In some embodiments, the therapeutic agent to be coated upon the suture is a non-curing therapeutic agent.

Any biocompatible fluid capable of coating a suture may be used in accordance with the present invention. Suitable fluids include aqueous liquids (such as saline) and gels that include, but are not limited to, hyaluronic acid, succinalyted collagen, carboxymethyl cellulose (CMC), gelatin, collagen gel, fibrinogen/thrombin, and liquid polymers (MGSA).

Porous bodies suitable for use in the present invention include but are not limited to sponges, membranes, pads, non-woven materials, felt, meshes, knit meshes, woven materials and braided materials.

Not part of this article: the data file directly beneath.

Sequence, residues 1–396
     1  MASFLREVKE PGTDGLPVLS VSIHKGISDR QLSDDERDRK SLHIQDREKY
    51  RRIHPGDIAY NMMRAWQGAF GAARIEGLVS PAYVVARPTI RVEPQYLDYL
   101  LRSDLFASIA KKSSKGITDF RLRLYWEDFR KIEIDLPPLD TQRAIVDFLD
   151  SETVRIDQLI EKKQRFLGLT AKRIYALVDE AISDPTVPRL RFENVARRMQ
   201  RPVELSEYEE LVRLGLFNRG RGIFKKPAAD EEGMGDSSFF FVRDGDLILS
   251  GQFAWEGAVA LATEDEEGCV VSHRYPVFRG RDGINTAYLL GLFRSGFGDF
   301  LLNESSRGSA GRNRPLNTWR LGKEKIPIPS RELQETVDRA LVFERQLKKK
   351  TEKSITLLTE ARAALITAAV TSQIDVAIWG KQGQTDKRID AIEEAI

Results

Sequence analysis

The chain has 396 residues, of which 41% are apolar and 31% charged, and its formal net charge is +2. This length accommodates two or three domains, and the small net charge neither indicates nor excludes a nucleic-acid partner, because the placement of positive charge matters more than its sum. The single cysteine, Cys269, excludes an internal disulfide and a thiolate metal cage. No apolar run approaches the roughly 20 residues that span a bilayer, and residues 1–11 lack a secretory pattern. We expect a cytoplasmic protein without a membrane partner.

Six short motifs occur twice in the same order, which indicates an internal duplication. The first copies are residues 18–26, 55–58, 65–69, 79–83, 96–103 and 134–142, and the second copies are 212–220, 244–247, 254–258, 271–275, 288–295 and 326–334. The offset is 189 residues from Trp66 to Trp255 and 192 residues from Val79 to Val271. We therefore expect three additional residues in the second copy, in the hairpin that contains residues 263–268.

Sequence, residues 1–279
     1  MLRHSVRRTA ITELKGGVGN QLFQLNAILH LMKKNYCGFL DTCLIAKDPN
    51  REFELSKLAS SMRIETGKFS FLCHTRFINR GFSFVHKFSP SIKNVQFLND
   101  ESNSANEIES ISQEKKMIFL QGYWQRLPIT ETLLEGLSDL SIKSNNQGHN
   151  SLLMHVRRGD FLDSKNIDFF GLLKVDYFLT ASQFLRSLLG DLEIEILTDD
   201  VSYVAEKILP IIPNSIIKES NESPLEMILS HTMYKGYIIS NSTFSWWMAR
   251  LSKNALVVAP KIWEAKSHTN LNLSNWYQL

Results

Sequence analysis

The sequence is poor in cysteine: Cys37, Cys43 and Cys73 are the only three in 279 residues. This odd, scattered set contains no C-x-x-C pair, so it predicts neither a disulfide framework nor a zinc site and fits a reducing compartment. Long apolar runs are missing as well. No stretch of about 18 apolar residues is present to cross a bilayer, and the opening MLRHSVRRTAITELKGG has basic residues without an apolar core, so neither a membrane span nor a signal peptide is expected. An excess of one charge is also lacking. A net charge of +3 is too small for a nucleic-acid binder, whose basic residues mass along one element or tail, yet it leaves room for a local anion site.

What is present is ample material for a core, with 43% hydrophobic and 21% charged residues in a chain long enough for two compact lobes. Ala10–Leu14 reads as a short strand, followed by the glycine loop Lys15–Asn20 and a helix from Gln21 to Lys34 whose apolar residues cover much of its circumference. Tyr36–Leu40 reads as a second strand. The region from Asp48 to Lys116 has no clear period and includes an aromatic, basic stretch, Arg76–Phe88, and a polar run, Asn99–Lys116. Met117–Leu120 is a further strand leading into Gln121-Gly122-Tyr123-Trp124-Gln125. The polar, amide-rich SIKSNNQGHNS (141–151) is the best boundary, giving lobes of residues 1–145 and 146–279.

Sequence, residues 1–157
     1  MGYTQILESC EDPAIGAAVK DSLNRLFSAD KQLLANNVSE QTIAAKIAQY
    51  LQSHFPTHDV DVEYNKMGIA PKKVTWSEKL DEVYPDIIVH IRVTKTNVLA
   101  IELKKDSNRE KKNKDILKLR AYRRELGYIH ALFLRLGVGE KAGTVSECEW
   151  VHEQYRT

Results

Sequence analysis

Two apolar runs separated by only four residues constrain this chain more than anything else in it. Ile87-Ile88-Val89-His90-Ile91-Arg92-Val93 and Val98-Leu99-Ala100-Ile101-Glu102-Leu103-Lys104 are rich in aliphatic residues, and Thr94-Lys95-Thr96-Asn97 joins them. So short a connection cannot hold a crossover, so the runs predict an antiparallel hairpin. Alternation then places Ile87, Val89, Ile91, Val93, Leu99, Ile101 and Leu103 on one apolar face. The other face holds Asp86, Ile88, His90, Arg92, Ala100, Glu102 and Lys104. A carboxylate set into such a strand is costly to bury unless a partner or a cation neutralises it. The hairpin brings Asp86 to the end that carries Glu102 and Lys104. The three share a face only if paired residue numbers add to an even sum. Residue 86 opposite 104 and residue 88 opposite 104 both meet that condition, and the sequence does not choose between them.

Preferably, the sutures used in accordance with the present invention will be bioresorbable. However, the sutures may also be non-resorbable. Preferred bioresorbable materials which can be used to make the sutures of the present invention include bioresorbable polymers or copolymers, preferably selected from the group consisting of hydroxy acids, (particularly lactic acids and glycolic acids; caprolactone; hydroxybutyrate; dioxanone; orthoesters; orthocarbonates; and aminocarbonates). Preferred bioresorbable materials also include natural materials such as chitosan, collagen, cellulose, fibrin, hyaluronic acid; fibronectin, and mixtures thereof. However, synthetic bioresorbable materials are preferred because they can be manufactured under process specifications which insure repeatable properties. (see http://www.emedicine.com/derm/topic825.htm for listing of nonresorbable materials)